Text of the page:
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Canadian painter opens new horizons

Update: August, 22/2006 - 00:00

Canadian painter opens new horizons

(22-08-2006)

by Bach Lien

Where’s Waldo? Tam Bac Canal, one of Lemay’s paintings on display at the exhibit.

Rene Lemay loves Viet Nam, and he’s not afraid to show it.

Happy Days in Viet Nam, which opened at the Viet Fine Arts Gallery last Friday, is the Canadian’s first solo exhibit in Viet Nam which promises to put audiences in touch with his feelings and emotions about Asia through 24 vibrant compositions.

"I want to bring something new here with my contemporary paintings to share my special feeling about Viet Nam and also to remember my joyous stay here over the last years. Your country is unique with its fine art and landscapes, and it can open new horizons for artists who come from the exterior," he says.

Lemay arrived in Viet Nam to study lacquer techniques at the Ha Noi Fine Arts College from 1999 to 2002. Since then, the artist has returned to the capital for inspiration. He again returned this year, this time with the acrylics on oil he made in 2004-06.

"Through his elaborate style and the impromptu variations of his brush stroke, the contrast of primary colours in the artist’s hand willy-nilly softens to please the eye with warm feelings," said Vietnamese painter Luong Xuan Doan.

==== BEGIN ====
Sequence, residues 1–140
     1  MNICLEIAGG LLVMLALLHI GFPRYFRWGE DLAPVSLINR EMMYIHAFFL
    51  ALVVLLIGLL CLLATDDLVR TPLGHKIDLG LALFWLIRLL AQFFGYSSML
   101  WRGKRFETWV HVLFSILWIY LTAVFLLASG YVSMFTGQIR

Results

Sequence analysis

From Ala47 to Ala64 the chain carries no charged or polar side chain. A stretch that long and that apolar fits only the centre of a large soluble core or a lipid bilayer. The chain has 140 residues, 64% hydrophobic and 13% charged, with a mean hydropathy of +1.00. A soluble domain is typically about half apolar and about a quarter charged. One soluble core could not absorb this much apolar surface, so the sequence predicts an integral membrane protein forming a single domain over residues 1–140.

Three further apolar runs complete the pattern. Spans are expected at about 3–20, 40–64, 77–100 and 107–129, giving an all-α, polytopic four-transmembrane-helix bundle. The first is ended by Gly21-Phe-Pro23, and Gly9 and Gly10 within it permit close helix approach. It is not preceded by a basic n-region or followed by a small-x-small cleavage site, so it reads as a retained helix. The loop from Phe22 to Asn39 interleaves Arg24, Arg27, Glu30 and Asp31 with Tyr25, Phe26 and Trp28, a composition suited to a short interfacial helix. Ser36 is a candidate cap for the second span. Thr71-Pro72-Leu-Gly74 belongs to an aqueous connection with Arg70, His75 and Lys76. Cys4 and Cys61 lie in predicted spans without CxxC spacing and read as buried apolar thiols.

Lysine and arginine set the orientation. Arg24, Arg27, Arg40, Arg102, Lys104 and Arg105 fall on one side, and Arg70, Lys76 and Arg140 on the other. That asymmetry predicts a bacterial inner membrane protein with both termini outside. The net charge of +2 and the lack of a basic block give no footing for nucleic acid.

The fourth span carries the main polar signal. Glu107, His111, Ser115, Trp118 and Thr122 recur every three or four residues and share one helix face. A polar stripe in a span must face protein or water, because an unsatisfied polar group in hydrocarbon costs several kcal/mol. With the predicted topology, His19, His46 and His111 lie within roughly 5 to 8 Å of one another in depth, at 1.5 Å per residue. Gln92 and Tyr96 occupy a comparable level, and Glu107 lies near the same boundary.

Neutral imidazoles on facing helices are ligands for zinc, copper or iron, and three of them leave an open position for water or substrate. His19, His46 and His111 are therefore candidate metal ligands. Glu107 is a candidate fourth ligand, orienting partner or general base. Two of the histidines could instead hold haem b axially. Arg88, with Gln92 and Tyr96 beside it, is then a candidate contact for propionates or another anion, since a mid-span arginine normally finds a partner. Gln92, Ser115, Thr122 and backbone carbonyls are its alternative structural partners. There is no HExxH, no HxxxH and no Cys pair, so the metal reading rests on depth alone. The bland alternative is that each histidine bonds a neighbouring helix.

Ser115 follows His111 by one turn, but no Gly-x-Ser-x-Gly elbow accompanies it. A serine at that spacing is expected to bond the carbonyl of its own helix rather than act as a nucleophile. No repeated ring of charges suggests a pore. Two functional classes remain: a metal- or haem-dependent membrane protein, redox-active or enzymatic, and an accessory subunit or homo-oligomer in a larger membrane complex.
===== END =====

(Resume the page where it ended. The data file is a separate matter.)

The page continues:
The images at the exhibit vary greatly and are drawn from everyday life: musicians, horses, roosters and children that all seem to float in a space very much alive with colour.

"I really enjoyed his rendition of the Vietnamese woman. He made us all so elegant, with hidden smiles," said one visitor.

"At 72, his soul is like the soul of a child: always surprised when looking at the world. He has a deep attachment to the mysterious world of the Orient. Tam Bac Canal, which is so familiar to Vietnamese artists, is still very original in Lemay’s painting," said Doan.

Encouraged by his mother to paint without formal guidance at an early age, he is an artist who has consistently followed his own path. Born in Montreal in 1934, he gained recognition in the Quebec art scene early in his career. Today, his works are on permanent display in renowned galleries worldwide.

The exhibit will run until September 18 at Viet Fine Arts Gallery, 96 Hang Trong Street, Ha Noi. — VNS

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